Thoughts?

8 COMMENTS

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The Reporter
The Reporter
6 years ago

I’m sorry but when you have an employment system that was introduced by the state to knowingly facilitate the exploitation of migrant workers by employers how can you possibly take anything seriously that the state announces concerning workers rights and conditions. Get rid of the Kafala and people may start to believe the smoke and mirrors nonsense that now seems to pour out on almost a daily basis.

outdoorsboys
outdoorsboys
6 years ago

If Laws are not enforced then it makes a mockery of the efforts made. If it costs money, employers will have to be dragged kicking and screaming to comply- they are not altruistic, they want profits. So, enforce the Law fairly, with guidance and na inspectorate with teeth.

CeePeeEm
CeePeeEm
6 years ago

It is a chain reaction, for which the market has to be ready. It will cost more money to provide good living conditions for workers. By doing this, cost of doing business will go up. Companies will incorporate these costs into their products and services. The prices will go up correspondingly. If customers look only at prices, and go for the cheapest, not considering quality, business is lost for the one who looks after their workers well because the costs are more for them. So why increase cost and risk losing business? If quality is the “single major consideration” for awarding business and contracts, these changes can happen sooner.

Opoku Jude
Opoku Jude
6 years ago
Reply to  CeePeeEm

Do you want to trade the human right of workers for quality? certainly it will not do your business any good . I want to inform you that good living condition will lead to quality output, because it will make the workers to give their best. It does not cost much to provide good living condition for your workers, afterall you are making profit from their output. The success behind every good business is good working condition for your workers and incentives to make them give their very best. With a little amount of money invested into a business you can provide quality product and at the same time make profit.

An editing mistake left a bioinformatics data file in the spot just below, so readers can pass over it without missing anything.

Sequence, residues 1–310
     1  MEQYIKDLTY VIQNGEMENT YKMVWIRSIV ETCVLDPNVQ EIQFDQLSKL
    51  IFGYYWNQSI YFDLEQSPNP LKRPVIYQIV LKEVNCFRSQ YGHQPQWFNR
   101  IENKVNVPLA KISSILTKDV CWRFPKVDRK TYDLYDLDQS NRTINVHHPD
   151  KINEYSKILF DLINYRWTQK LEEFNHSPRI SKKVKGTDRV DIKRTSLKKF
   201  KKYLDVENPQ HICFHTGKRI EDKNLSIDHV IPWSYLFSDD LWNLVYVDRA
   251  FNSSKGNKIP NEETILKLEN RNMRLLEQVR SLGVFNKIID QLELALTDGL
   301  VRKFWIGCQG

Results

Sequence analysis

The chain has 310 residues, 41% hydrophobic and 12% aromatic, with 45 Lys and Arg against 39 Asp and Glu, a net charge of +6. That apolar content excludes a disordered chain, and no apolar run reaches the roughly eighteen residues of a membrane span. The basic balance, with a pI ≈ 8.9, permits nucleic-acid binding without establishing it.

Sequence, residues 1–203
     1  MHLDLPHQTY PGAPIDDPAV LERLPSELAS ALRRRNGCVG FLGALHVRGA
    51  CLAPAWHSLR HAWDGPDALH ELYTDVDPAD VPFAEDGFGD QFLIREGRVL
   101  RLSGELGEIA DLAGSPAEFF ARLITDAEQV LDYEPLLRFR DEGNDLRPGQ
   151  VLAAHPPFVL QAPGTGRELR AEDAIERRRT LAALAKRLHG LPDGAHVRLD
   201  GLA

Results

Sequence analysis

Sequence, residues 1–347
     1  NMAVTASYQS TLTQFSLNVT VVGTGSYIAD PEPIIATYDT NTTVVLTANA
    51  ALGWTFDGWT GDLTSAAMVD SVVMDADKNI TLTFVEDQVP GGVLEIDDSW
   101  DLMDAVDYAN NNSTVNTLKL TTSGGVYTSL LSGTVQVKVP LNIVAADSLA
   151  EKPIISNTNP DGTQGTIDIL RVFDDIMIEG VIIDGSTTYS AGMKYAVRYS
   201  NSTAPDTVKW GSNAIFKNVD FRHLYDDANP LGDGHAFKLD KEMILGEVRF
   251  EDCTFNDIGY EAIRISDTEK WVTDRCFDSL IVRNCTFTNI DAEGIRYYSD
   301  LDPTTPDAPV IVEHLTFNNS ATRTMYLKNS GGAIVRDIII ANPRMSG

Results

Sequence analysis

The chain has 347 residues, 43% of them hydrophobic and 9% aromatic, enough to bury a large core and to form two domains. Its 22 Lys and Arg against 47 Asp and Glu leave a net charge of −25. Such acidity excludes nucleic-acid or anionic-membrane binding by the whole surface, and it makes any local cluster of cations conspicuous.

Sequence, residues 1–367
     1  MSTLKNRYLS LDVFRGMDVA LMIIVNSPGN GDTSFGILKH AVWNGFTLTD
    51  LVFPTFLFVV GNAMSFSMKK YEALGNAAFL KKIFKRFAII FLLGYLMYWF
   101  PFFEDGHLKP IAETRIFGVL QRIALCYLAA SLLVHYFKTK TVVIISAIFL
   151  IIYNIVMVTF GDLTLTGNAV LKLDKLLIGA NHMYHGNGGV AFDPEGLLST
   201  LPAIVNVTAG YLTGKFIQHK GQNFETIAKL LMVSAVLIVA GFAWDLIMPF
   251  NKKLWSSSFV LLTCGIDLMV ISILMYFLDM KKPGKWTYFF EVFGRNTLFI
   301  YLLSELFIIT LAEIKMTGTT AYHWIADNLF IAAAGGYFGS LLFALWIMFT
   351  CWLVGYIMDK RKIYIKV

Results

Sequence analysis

Jen
Jen
6 years ago

Ammending a law is great–but what about actual action?

Ilham Riluwan
Ilham Riluwan
6 years ago

Do the Qatari civil servants, or should I say “Masters”, really care about the wellbeing of blue collar workers?
Honestly speaking, all this talk about making changes to existing laws is only to please Western governments and
instituitions. With this intention, how can Qatar genuinely make living and working conditions for its blue collar
workers better?
I doubt the successful implementation of these so called changes.
First and foremost, the attitudes of the locals with regards to this class of foreign workers need to change. Their contributions to the development of their country needs to be recognised and a little gratitude and respect given.

Then, the Qataris will make the necessary changes without having to be blackmailed by the international community.

Expat Girl
Expat Girl
6 years ago

Real example I recently found out about: Black mold found on the ceilings at a camp I won’t name. The company’s “genius” solution: Paint the ceilings black. You have got to be kidding me….

Diego
Diego
6 years ago

Bad employers need to be given the hard time. First enforce the law,next make them improve conditions immediately while the restrictions are in place.question is who is there to enforce and what will happen to the workers if the company is squeezed to hard. Needs to happen though.